October 1, 2007

AEM Emphasizes Leadership

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The Department of Applied Economics and Management in the College of Agriculture and Life Sciences launched its new student leadership program with a slew of events last Thursday and Friday.
More than 30 distinguished alumni on AEM’s Business Advisory Council helped introduce the Business Opportunities in Leadership and Diversity (BOLD) program through a series of workshops, seminars and panels designed to usher in a new era of leadership focus for the AEM department.
“The sessions have been tremendous. The thing most encouraging for us is to watch the heavy student participation. It shows their deep interest in diversity and deep interest in getting a first-hand interchange on what business is like,” said Frank O’Connell ’65, advisory council member. “What I’ve been impressed with are the people, the caliber of the people on the panel and their relevancy to the topic.”
Among the participants were William Perez ’69, president and CEO of Wm. Wrigley Jr. Co., and Lewis Wirshba ’78, managing director and COO of Credit Suisse. The main event was a keynote address by Geraldine McManus ’78, managing director at Goldman Sachs.
BOLD is a new, four-year program designed not only to further the gender and racial diversity of AEM but also to enhance the leadership skills of AEM students through experience. Although elements of it existed previously, BOLD represents the first time current initiatives have been integrated and consolidated under one program
“BOLD is really a series of four years worth of programs for students over their total [time here], some of which are mandatory, others are options. This is the beginning of it,” said Prof. William Lesser, chair of the AEM department.
“We have a freshmen orientation class, AEM102, we’re offering for the first time in the spring,” Lesser said. “That’s the kickoff for the program for freshmen. Activities sophomore year are going to be options and voluntary. Third year we’re working with the Johnson School to develop courses particularly on leadership specifically for AEM students. And then the fourth year students have the option of getting a certificate in leadership from the department by going through the process of developing some programs demonstrating and implementing leadership.”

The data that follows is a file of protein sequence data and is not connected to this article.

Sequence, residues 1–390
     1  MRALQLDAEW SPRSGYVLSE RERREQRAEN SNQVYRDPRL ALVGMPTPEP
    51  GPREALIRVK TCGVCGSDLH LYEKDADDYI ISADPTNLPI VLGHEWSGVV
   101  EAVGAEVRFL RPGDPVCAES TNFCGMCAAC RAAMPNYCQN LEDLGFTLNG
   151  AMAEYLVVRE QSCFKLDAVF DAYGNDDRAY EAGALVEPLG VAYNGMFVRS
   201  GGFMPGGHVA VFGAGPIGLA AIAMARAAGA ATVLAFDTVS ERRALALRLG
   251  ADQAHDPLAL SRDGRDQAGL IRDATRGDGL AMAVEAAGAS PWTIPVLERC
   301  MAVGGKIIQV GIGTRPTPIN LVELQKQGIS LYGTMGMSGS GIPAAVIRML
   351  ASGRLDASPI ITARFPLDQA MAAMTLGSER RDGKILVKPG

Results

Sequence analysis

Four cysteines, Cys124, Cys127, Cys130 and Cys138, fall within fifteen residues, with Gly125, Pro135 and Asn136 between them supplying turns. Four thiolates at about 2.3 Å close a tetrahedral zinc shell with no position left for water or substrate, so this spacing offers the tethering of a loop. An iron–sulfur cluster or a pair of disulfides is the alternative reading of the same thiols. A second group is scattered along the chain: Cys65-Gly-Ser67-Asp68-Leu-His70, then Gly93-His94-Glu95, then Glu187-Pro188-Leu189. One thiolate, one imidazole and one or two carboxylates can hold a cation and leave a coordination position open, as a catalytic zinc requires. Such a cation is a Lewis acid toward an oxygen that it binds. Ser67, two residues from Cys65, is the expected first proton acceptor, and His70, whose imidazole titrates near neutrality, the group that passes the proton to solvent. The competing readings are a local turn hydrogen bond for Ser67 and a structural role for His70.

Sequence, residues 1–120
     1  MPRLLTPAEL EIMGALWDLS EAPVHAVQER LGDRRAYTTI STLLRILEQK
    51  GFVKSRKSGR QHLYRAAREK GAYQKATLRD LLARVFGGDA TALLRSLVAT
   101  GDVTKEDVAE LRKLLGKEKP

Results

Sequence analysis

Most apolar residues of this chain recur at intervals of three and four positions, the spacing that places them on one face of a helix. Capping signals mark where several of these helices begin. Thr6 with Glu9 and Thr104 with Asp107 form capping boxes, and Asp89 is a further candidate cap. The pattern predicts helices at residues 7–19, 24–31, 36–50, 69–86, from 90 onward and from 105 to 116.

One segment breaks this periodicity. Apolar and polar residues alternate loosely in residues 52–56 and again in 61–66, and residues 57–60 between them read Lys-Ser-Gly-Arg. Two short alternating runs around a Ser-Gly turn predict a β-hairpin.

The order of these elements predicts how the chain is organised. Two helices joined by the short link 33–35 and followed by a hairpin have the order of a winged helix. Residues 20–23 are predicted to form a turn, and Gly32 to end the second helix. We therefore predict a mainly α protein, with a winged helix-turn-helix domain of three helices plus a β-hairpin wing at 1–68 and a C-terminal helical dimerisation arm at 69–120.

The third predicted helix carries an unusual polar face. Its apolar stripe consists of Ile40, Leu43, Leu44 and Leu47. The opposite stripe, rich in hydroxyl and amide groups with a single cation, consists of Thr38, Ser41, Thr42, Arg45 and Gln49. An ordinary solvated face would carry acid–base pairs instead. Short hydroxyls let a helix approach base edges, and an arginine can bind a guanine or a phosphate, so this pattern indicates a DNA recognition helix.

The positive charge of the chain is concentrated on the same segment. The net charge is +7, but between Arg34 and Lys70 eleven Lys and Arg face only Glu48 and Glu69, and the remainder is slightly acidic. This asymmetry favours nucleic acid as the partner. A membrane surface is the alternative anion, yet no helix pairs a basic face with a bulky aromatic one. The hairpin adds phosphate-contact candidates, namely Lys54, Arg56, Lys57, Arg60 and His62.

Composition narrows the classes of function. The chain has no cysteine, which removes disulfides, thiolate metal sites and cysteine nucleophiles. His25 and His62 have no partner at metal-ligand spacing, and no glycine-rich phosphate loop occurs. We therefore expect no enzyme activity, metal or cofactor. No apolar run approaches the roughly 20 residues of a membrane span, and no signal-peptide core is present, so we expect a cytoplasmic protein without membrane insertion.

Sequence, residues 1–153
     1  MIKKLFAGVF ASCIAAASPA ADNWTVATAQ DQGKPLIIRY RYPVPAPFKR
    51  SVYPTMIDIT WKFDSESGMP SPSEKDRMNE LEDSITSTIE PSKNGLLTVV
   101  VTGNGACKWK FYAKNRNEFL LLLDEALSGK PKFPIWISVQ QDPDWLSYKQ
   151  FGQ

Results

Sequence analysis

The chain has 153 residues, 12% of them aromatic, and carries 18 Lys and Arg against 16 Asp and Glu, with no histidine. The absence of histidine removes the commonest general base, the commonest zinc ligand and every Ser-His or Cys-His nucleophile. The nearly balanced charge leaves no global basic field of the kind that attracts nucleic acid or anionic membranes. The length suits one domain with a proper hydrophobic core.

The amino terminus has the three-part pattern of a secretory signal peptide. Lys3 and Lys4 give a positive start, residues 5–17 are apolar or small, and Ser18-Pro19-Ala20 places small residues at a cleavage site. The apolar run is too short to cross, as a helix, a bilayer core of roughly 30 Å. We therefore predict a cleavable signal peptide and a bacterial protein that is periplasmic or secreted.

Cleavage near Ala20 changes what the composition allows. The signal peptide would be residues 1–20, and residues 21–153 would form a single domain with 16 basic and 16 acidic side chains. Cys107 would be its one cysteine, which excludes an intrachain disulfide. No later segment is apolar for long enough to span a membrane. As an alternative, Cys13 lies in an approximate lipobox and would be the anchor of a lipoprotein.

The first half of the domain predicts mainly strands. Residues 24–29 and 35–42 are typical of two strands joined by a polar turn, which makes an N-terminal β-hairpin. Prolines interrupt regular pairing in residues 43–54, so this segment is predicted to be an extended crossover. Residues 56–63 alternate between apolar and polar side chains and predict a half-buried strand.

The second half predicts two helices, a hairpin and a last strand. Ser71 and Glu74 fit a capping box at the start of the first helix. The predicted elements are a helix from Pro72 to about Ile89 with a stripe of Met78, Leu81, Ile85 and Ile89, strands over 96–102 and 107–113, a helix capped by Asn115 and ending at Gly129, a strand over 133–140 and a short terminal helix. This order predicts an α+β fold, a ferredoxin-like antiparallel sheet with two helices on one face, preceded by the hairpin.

Students within the AEM department may take advantage of this new opportunity, but those outside of AEM are out of luck — the program is limited to the AEM major.
Development of BOLD was due to the combined effort of faculty, students and alumni led by Prof. Cindy Lynne van Es, AEM. AEM’s Business Advisory Council also played a key role, providing both advice and startup funds.
“I think I speak [for everyone in saying] we have been very interested in the whole development of what is now called the BOLD program from the very beginning, the development of leadership and diversity and expanding the breadth of knowledge and experience for the student population,” said Ed Heslop ’81, advisory council member.
“Prof. Van Es has worked with groups of students to see what they want, to see what’s possible. We’ve also checked with other schools to see what their leadership programs look like and how their experiences could be utilized in the Cornell context,” Lesser said.
Although BOLD is still in its infancy, there are already plans to expand its programs and offerings. While leadership and diversity remain its main focus, it will also attempt to confront a more immediate problem facing Cornell students — that of interview performance.
“We heard that compared to some other competitor business programs that not all of our students are as well prepared for interviews as they really should be,” Lesser said. “It’s presentation skills — just how to act in an interview. So we’ll look either as part of the BOLD program or maybe in conjunction with it to see what additional assistance we can give students in helping them prepare for job interviews.”